BBC chat show king Graham Norton has sent the clearest signal yet that he views his long-term future as being in his beloved west Cork.
But the affable presenter has repeatedly warned that while his heart may dwell in idyllic Ahakista, his career remains firmly rooted in London, at least for the immediate future.
The 59-year-old chose Bantry and Ahakista for a private party last weekend to mark the blessing of his marriage to his partner.
More than 120 guests attended amid tight security as the star, who is renowned for zealously guarding his privacy, celebrated – with special marquees erected at his home, outside caterers hired in and entertainment provided by Lulu and a Riverdance troupe.
Bantry House was booked out for the special party.
The presenter – who is reputed to be worth €30m thanks to the success of his TV and radio shows as well as his hit novels – has made no secret of how important west Cork is to him.
He opted to broadcast his popular Virgin Radio show from C103FM’s west Cork studios earlier this month.
Norton is also an ardent supporter of local events, ranging from the West Cork Literary Festival to the Fastnet Film event.
The Bandon-born star is also a regular supporter of ceremonies at his old alma mater, the 380-year-old Bandon Grammar School.
He has a riverside walk named in his honour in Bandon and has even been a staunch backer of local charity campaigns, ranging from appeals in aid of Bantry General Hospital through to Cork intensive care units.
Tickets for his annual table quiz at Ahakista Summer Festival sell out in minutes.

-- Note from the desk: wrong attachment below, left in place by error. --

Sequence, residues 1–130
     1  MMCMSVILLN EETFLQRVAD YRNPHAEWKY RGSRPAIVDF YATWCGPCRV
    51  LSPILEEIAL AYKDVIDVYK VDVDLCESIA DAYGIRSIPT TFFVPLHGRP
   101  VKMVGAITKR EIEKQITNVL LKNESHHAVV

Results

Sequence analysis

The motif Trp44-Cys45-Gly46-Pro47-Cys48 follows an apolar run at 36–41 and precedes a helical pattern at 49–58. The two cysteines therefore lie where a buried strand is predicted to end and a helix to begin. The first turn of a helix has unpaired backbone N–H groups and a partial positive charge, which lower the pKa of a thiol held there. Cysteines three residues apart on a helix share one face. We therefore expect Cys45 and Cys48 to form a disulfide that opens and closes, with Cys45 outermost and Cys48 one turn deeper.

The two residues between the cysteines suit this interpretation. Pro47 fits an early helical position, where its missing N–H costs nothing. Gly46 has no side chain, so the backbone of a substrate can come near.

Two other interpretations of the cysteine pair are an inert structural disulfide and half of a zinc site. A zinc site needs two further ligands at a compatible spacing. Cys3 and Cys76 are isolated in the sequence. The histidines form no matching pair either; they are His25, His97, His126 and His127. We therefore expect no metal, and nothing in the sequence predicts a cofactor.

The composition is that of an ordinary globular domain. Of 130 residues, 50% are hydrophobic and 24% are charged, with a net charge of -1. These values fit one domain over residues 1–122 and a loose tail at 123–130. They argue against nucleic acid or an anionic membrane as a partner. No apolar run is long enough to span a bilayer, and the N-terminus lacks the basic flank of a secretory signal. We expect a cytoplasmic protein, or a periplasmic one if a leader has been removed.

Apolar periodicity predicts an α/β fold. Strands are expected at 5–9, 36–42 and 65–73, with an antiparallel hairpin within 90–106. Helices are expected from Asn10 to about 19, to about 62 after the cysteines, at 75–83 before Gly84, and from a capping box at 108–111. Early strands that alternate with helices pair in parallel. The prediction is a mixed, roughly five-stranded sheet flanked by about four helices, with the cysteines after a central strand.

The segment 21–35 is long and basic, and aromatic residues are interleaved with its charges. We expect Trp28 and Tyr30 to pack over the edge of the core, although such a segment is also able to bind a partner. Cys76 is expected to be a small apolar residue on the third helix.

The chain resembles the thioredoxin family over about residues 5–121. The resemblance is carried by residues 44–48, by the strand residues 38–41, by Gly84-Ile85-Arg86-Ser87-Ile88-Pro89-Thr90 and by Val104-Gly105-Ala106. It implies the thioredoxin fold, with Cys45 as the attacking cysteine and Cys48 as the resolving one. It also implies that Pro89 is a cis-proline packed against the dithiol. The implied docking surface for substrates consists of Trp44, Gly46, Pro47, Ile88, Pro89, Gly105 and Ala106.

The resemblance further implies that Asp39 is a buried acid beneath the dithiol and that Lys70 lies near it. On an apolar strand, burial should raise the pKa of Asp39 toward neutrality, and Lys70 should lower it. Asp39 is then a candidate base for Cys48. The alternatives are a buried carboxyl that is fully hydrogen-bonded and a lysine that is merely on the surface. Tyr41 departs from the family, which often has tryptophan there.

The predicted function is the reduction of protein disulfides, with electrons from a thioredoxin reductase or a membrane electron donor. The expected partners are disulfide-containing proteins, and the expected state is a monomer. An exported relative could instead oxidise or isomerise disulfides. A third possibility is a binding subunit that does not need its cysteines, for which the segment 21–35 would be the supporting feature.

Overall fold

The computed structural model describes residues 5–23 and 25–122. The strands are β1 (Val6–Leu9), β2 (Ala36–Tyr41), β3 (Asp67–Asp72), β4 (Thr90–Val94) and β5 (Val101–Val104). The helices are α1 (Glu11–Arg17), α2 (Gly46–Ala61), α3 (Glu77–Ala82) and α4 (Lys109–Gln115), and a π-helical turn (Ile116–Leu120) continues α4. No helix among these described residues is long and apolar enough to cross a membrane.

Even his bestselling novel Holding, set in the fictional Irish village of Dunkeen, was filmed on location in Drimoleague and Castletownshend last year for ITV.
During his west Cork breaks, he is a customer of local cafes, restaurants and bars – including his beloved ‘local’, Arundel’s in Ahakista.
A keen oenophile, Mr Norton even uses west Cork parties and gatherings to trial his hugely successful range of branded wines from New Zealand, Australia, South Africa and Italy.
For many, the Bandon native now ranks as a true west Cork treasure.
Amongsthe star’s many fans is the Church of Ireland Bishop of Cork, Cloyne and Ross, Dr Paul Colton.
Dr Colton has known the broadcaster for more than 40 years, dating to their university days.
He once joked that, in the space of just 48 hours, he shared a selfie with the Archbishop of Canterbury and then a stage with Graham Norton.
Dr Colton – who famously celebrated the marriage of David and Victoria Beckham in Ireland in 1999 – said the key to the BBC star’s success wasn’t just broadcast talent but genuine likeability and kindness.
“You certainly pull a crowd – not because you’re famous, but because people genuinely like you. That is true in a special way for us here in Cork,” he said.
Yet, despite his love of west Cork, Norton has admitted his successful career means London will be his base for the foreseeable future.
“I like my job as it is. I love the show and the way people have supported it. So I don’t think I will be coming back here (Ireland) to work permanently,” he said.
“I spent a lot of the summer here (west Cork) and, when I eventually retire, I will definitely spend a lot more time here.”
One C103FM source, who asked to remain unnamed, said it was clear the star loved being able to work from Cork.
“Graham is not only a great broadcaster but a really lovely person,” they said. “He is a total pro and an absolute gentleman to deal with. You also get the impression that he loves being in west Cork and is very relaxed working from here.”
Norton is not alone in recognising the benefit of a relaxed west Cork lifestyle. Other stars who have called west Cork home include actor Jeremy Irons acclaimed film producer David Puttnam and director Neil Jordan.
Bandon Grammar School principal Ian Coombes once said Norton, then called Graham Walker, was born to entertain – yet, despite all his success, he never forgot his Cork roots.